Contention Of The Counsel Misread As Observation Of The Court;SC Sets Aside Bail Order Granted To Man Accused In 32 Criminal Cases [Read Order]

Contention Of The Counsel Misread As Observation Of The Court;SC Sets Aside Bail Order Granted To Man Accused In 32 Criminal Cases [Read Order]

It is not only litigants and lawyers who misread court orders, but judges also.

Recently, the Supreme Court set aside a bail order granted by a single bench of Allahabad High Court apparently misreading order of another bench of the high court.

The single bench of Allahabad High Court had granted bail to a man accused in 32 criminal cases apparently observing thus: “It appears that after considering the merit of the case, a Bench of this Court, while granting bail to Diwakar Tiwari @ Dabloo observed that “prosecution as a whole is unbelievable”.

But in fact, the bench had read the order out of context. It actually read like this: “Learned counsel states that, in the present case, the story set up by prosecution, as a whole, is unbelievable…”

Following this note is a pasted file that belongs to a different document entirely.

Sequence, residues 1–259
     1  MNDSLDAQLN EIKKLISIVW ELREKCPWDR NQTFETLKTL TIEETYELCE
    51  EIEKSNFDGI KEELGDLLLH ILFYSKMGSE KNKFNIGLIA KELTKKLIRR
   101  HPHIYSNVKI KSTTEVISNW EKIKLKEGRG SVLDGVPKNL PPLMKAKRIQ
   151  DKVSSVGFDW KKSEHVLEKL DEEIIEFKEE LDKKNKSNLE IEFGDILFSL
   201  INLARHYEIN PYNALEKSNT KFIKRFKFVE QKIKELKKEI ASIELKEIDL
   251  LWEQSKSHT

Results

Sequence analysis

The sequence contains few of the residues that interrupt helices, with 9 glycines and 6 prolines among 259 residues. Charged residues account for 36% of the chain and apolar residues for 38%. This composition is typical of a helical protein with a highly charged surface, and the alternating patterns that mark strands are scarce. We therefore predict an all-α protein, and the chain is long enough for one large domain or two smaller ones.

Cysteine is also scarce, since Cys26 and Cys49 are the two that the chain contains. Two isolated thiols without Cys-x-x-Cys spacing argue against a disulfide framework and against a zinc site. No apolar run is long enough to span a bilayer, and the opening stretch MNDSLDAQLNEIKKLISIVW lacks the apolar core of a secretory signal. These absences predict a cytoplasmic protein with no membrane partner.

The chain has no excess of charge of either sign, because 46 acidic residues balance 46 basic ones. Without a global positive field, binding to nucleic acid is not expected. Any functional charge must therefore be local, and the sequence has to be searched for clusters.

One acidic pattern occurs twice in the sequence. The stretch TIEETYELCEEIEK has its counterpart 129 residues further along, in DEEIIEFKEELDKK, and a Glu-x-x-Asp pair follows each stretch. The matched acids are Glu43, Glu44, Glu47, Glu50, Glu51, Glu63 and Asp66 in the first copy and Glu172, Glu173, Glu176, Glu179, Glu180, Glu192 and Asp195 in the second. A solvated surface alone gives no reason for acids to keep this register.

The Supreme Court bench of Justice NV Ramana and Justice S Abdul Nazeer, noticing the mistake, observed that the single judge of the high court, misread the contention of the counsel expressed in the relied upon order as if it was an observation of another bench of the high court on the merits of the case.

"It is evident that in the case on hand, the learned Single Judge of the High Court, misread the contention of the counsel expressed in the relied upon order dated 29-03-2016 as if it was an observation of another Bench of the High Court on the merits of the case"

The court then, setting aside the order, remanded the matter back to the high court for reconsideration.

"Thus, taking note of all the facts and circumstances of the case, we are of the considered view that before passing the impugned order, the High Court has not properly appreciated the whole material placed before it. We, therefore, set aside the impugned bail order granted to the respondent No. 1 by the High Court on 30-1-2017 and remand the matter back to the High Court for reconsideration".


Read the Order Here